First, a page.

• Clinically diagnosed TB case refers to presumptive TB patient who is microbiologically confirmed, he has been diagnosed with active TB by a clinician on the basis of X-ray abnormalities. Histopathology or clinical signs with the design to treat the patient with full course of anti-TB treatment.
In children, clinically diagnosed TB case is diagnosed based on the presence of abnormalities consistent with TB radiography a history of exposure to an infectious case, evidence of TB infection [Positive tuberculin skin test (TST)] and clinical findings suggestive of TB in children in event of negative or unavailable microbiological result.
Microbiologically confirmed or clinically diagnosed case of TB are also classified according to:
  • Anatomical site of disease
  • History of previous treatment.
Classification based on anatomical site of disease:
  • Pulmonary tuberculosis (PTB) refers to any microbiologically confirmed or clinically diagnosed case of TB involving the lungs parenchyma or tracheobronchial tree.
  • Extrapulmonary tuberculosis (EPTB) refers to microbiologically confirmed or clinically diagnosed case of TB involving organ other than the lungs such as pleura, lymph nodes, intestine, genitor urinary tract, joint and bones, meninges of brain, etc.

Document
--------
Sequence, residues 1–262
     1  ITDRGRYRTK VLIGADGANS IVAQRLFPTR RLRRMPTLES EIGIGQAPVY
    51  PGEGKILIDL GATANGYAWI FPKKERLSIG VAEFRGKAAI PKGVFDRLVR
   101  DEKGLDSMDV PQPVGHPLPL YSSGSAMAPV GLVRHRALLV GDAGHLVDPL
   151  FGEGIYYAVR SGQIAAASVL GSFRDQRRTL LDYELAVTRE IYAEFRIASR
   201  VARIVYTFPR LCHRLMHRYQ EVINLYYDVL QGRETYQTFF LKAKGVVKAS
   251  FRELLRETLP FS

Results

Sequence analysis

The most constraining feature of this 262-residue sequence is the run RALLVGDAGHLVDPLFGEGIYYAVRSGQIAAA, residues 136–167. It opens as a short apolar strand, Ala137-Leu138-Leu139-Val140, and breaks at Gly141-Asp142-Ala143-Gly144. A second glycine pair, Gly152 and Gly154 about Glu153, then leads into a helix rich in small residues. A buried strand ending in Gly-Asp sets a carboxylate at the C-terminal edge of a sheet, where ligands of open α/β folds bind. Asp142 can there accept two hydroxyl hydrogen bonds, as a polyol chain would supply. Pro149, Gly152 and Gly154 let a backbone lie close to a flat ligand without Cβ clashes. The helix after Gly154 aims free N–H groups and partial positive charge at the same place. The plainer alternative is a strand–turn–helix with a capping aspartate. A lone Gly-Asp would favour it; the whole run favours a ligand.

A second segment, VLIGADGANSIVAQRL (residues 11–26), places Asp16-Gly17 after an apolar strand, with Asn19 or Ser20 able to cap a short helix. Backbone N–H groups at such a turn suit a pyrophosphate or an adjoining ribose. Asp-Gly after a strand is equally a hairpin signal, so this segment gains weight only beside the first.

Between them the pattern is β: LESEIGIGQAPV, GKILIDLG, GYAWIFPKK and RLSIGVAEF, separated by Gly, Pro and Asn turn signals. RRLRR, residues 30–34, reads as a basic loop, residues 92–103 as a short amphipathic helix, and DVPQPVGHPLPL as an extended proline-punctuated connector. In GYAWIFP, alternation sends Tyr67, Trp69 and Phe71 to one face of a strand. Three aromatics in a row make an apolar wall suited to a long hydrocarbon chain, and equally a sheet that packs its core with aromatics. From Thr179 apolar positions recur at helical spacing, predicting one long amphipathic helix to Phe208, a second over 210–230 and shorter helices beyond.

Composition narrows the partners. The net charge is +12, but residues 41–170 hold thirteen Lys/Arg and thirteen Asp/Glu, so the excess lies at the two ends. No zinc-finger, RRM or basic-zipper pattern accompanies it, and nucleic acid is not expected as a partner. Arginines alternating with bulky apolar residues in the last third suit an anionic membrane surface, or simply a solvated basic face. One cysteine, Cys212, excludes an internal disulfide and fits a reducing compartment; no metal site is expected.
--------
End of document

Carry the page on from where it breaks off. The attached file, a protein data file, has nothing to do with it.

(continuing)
• Miliary TB is classified such as PTB because there are lesions in the lungs. A patient with both PTB and EPTB should be classified as case of PTB.
Classification based on history of TB treatment:
  • New case: A TB patient who has never had treatment for TB or has taken anti-TB drug for < 1 month is considered as new case.
  • Previously treated patient has received 1 month or more of anti-TB drug in the past.6
  • Recurrent TB case: A TB patient previously declared as successfully treated, cured or treatment completed and subsequently found to be microbiologically confirmed TB case is recurrent TB case.
  • Treatment after loss to follow up: A TB patient previously treated for TB for 1 month or more and was declared lost to follow-up in their most recent course of treatment and subsequently found microbiologically confirmed TB case.